Note also the biased phrasing (“EPA scientists”) of the poll question Boxer quotes. EPA and its apologists would have us believe that the agency is an apolitical honest broker — a gathering of scientific elders who seek only truth and care not for their agency’s power, prestige, and budget, and act in splendid isolation from the policy preferences and agendas of the environmental movement. Dream on!
Although there are surely honest people at the agency, EPA is not an honest broker. EPA is a major stakeholder, a big dog in the fight. Boxer ignores the massive conflict of interest that Congress, wittingly or otherwise, built into the CAA. The same agency that makes endangerment findings gets to regulate based on such findings. EPA therefore has an organizational interest in interpreting the science in ways that expand its power. This ethically flawed situation was tolerable when EPA confined itself to regulating substances that Congress authorized EPA to regulate (ambient air pollutants, toxic air pollutants, acid rain precursors, ozone depleting substances). But, to repeat the obvious fact that Boxer studiously avoids, Congress never told EPA to regulate the class of substances known as “greenhouse gases.”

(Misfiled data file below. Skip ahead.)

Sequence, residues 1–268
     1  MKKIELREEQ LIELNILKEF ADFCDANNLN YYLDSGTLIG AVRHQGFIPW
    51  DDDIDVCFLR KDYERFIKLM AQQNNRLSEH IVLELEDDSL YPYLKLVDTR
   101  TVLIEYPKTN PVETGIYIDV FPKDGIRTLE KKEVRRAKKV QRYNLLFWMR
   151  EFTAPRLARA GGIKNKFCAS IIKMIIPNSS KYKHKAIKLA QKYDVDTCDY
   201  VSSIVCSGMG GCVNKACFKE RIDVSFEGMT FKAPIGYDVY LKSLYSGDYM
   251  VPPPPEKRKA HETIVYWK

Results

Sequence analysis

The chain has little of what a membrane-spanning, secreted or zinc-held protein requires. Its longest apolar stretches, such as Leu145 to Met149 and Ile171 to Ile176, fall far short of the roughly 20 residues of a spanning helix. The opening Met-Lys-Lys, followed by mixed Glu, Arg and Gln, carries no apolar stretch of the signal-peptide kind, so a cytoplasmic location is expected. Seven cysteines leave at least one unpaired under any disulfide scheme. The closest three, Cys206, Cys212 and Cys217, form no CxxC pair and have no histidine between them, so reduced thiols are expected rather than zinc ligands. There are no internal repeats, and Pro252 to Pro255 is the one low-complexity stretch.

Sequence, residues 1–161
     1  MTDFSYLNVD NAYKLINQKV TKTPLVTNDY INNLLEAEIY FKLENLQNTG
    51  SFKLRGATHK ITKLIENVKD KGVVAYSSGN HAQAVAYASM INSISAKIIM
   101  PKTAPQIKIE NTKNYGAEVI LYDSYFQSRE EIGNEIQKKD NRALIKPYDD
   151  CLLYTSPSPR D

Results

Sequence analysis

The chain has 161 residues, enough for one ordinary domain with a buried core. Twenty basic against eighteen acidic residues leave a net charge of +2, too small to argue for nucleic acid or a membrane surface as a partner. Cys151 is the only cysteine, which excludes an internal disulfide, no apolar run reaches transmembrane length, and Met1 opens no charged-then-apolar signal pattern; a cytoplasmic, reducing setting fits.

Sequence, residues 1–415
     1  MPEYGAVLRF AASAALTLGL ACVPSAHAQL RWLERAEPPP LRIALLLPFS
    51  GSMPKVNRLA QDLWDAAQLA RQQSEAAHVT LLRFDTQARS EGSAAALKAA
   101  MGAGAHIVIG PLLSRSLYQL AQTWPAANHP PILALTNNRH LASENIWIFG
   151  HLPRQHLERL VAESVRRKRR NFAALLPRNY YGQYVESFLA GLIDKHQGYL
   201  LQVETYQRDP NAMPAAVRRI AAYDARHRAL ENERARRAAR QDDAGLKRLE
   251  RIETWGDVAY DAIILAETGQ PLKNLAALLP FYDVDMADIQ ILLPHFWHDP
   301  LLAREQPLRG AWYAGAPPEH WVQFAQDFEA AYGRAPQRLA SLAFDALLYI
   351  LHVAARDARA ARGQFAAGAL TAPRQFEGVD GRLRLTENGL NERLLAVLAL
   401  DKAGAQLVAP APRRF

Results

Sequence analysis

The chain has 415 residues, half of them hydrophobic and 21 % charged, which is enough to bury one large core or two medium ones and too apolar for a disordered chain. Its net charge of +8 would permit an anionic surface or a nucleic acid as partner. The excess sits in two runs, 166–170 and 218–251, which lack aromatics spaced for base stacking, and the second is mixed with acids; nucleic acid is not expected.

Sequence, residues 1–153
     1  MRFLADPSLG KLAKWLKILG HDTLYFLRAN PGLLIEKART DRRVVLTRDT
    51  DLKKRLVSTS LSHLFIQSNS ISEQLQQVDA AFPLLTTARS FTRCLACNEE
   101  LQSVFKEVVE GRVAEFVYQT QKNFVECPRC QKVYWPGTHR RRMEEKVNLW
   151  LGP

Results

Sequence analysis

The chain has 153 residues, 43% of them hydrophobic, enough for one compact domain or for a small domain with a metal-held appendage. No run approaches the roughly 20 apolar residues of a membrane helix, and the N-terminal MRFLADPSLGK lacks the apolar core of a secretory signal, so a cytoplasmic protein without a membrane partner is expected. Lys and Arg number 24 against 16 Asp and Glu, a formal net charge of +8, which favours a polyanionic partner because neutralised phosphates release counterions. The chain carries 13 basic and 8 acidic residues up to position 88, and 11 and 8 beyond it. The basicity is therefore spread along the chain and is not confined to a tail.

Boxer: “What is the science telling us? That it is dangerous to breathe in air pollution with lots of carbon in it.”
Got that? In the same breath that Boxer scolds her GOP colleagues for not heeding science, she demonstrates her ignorance of science. Carbon dioxide, like water vapor, the atmosphere’s main greenhouse gas, is an essential constituent of clean air.